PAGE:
Chemical composition, in situ degradability and amino acid composition of protein supplements fed to livestock and poultry in Cyprus
Livestock Research for Rural Development 13 (6) 2001

Citation of this paper

Chemical composition, in situ degradability and amino acid composition of protein supplements fed to livestock and poultry in Cyprus

M Hadjipanayiotou and S Economides

Agricultural Research Institute, 1516 Nicosia, P.O. Box 22016, Cyprus
miltos@arinet.ari.gov.cy

 
Abstract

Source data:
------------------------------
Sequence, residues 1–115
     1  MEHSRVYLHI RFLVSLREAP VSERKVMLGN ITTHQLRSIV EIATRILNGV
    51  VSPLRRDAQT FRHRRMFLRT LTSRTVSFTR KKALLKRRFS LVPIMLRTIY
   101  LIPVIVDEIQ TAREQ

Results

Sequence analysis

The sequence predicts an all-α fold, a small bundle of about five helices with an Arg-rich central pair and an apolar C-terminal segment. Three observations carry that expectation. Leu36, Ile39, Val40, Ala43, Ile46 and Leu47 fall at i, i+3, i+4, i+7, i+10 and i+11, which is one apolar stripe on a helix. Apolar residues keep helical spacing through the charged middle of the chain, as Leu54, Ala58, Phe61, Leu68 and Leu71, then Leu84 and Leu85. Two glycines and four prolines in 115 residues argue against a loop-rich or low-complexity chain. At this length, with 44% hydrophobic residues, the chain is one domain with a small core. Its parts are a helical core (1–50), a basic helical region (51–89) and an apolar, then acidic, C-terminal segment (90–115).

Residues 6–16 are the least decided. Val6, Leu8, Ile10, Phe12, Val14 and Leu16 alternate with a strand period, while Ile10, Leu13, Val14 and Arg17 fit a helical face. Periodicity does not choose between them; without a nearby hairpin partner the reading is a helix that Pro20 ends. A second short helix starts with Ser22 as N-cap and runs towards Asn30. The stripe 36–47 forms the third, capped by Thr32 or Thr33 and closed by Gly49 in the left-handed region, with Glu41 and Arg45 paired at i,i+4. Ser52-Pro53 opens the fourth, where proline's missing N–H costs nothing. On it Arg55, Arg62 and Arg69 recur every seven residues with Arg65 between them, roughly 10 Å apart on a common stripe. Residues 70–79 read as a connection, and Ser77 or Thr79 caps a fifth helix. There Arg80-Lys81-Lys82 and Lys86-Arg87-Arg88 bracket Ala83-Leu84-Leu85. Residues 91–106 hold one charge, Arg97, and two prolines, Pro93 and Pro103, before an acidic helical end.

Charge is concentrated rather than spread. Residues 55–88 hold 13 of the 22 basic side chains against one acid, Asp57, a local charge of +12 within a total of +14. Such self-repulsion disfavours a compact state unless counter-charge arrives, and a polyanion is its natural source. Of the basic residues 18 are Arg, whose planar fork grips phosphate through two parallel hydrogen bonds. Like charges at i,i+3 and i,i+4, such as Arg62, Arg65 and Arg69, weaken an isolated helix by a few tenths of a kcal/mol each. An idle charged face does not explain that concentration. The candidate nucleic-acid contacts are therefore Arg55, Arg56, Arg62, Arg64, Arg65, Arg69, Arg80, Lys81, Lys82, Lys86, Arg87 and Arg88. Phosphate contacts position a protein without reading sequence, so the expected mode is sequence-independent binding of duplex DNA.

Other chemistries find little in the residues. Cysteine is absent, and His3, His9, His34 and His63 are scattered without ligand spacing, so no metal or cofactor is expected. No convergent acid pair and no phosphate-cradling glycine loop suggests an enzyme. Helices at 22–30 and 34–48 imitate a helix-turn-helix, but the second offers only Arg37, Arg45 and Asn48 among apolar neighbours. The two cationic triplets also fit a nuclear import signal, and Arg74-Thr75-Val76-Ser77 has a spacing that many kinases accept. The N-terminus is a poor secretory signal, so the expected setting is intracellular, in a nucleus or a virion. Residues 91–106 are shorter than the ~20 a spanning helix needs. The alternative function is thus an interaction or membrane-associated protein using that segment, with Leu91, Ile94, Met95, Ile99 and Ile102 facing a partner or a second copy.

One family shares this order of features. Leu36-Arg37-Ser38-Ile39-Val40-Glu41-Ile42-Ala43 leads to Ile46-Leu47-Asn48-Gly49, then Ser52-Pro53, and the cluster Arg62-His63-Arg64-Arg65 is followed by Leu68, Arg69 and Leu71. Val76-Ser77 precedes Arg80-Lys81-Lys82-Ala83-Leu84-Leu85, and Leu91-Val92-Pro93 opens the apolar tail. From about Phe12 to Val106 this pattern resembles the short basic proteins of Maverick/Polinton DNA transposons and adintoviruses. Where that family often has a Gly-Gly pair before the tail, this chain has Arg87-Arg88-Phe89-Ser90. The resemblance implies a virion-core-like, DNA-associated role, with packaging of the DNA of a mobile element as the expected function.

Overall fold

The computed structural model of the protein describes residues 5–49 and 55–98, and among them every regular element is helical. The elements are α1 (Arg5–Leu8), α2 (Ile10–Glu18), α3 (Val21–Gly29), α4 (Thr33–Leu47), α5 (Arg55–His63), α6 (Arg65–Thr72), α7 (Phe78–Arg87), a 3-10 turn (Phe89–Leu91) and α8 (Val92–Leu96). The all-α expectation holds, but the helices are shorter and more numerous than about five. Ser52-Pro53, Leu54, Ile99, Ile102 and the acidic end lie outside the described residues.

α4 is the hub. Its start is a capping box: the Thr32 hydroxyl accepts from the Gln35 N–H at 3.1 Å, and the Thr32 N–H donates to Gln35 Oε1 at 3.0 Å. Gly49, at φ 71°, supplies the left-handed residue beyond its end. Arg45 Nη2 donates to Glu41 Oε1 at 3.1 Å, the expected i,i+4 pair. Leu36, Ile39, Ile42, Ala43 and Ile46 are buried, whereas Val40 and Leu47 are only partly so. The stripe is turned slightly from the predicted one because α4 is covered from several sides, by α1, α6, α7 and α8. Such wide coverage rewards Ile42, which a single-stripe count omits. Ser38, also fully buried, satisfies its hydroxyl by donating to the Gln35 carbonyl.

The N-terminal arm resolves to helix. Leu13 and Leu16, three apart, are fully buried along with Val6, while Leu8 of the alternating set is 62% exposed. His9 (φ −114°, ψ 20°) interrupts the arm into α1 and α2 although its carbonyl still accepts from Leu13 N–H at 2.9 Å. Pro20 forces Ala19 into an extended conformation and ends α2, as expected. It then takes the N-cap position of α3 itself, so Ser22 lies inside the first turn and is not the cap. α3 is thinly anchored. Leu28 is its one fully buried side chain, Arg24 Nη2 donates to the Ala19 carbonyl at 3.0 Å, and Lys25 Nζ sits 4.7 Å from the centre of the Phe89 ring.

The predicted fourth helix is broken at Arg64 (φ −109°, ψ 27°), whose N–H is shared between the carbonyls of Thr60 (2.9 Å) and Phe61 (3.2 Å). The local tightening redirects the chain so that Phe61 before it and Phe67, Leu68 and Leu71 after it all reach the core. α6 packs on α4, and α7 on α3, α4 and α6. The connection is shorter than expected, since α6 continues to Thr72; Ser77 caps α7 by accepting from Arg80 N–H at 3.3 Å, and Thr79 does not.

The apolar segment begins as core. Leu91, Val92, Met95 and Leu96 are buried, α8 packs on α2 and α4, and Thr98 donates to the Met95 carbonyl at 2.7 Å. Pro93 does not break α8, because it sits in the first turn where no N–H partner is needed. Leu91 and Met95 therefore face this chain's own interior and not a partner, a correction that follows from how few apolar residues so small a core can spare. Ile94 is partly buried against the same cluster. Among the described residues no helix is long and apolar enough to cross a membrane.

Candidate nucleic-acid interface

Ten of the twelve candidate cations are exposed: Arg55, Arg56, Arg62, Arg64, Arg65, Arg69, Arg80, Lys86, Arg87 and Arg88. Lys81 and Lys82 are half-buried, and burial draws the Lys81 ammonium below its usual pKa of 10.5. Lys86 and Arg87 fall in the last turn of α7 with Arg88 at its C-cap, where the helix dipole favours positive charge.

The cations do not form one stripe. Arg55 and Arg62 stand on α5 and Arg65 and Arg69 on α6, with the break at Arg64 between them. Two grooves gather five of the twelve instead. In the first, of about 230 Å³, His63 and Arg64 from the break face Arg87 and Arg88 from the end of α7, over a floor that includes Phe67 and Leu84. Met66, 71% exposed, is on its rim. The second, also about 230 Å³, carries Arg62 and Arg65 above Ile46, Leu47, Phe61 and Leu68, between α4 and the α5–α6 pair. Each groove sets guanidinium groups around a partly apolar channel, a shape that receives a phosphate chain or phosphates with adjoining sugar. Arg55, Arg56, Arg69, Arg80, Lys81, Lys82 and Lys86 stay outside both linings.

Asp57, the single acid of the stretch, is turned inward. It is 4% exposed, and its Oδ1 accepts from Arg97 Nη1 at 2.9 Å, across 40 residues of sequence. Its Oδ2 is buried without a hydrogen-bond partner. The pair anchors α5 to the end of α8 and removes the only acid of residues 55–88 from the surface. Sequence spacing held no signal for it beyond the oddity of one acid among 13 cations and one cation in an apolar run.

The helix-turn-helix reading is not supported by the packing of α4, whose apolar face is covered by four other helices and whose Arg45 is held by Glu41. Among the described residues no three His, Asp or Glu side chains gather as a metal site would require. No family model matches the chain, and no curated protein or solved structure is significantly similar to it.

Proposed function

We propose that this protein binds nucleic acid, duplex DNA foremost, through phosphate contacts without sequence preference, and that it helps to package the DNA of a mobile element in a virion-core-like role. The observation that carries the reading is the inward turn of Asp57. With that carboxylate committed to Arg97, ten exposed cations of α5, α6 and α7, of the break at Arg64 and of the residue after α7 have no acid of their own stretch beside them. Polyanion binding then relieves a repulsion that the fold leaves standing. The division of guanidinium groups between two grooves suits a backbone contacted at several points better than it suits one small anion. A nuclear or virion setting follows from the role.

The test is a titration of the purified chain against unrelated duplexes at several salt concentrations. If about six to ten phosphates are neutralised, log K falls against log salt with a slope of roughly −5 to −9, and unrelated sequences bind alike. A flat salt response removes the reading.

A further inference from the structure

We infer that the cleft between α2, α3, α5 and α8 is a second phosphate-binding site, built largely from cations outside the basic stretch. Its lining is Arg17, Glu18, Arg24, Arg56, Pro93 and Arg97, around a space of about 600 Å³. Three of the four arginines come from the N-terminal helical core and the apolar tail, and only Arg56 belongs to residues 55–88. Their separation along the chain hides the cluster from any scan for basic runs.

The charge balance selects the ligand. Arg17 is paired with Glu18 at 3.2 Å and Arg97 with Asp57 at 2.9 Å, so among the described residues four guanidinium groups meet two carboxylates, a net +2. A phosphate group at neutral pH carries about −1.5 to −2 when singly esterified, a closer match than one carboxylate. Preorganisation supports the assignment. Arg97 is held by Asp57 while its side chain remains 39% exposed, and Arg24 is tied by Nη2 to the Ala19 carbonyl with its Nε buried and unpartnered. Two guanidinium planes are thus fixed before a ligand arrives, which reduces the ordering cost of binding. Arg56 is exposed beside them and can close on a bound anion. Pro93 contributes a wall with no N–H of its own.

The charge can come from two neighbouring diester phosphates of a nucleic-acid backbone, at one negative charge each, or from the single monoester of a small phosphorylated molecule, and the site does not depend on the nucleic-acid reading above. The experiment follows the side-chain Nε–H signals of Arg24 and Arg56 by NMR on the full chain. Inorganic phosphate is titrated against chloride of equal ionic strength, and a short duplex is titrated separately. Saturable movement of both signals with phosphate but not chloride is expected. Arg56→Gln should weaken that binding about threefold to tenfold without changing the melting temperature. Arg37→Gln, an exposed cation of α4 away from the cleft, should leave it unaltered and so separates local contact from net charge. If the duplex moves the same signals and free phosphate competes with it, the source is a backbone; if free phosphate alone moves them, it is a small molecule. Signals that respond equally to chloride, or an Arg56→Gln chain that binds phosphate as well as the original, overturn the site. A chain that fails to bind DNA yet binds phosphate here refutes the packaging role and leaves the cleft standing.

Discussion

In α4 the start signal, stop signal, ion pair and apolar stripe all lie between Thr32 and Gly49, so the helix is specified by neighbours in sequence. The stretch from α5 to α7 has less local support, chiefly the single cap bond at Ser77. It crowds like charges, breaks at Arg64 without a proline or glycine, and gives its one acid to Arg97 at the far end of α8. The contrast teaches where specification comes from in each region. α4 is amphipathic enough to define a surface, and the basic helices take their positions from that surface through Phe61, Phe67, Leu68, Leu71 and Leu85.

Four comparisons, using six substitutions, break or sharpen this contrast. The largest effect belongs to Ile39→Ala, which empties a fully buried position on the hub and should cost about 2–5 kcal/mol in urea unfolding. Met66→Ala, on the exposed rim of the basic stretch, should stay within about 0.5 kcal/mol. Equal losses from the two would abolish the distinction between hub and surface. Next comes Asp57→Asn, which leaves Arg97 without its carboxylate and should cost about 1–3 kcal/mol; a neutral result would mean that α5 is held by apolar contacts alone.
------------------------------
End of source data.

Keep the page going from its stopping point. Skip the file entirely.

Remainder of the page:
Chemical composition, in situ degradability, in vitro digestibility of OM and amino-acid composition of 8 protein supplements used in livestock diets have been determined in the present study. Within legume seeds, Cyprus vetch had the highest (35.7%) content in CP followed by common vetch (31.5%); the CP content of chickpeas, field beans, narbon vetch and peas were relatively close (24-27%). True protein as percent of total-CP ranged from 83 to 94%; chickpeas having the lowest (83%), and peas the highest (94%). Chickpeas had  higher fat (5.3%) content than all other grains (1.14-1.62%). Legume seeds were rich sources of K (1.22%) and P (0.52%) and their Ca content was only around 25 and 10% of their P and K content, respectively. Overall, food legumes were good sources of Ca (0.14%), P, Fe (123 ppm) and Cu (15 ppm). Peas had the highest “D” value (95.5%) followed by Cyprus vetch (92.3%). The “D” value of the other grains ranged from 86 to 89%, and was close to that of soybean meal (88%). Legume grains were rich in lysine (1.79%) and poor in methionine (0.42%). The percentage of amino-acids to total-CP was similar in narbon vetch (98.7%), peas (95.0%) and soybean meal (96.0%); the corresponding values for common vetch, chickpeas, cyprus vetch and field beans were 71, 87, 83 and 82%, respectively. Effective CP degradability (ECPdg) in soybean meal was lower (P<0.05) than that of all other legume seeds, and of sunflower meal. Among legume seeds chickpeas had the lowest ECPdg followed in increasing order by common vetch, narbon vetch, peas, cyprus vetch and field beans. There were no significant differences in ECPdg between peas, chickpeas, common vetch and narbon vetch.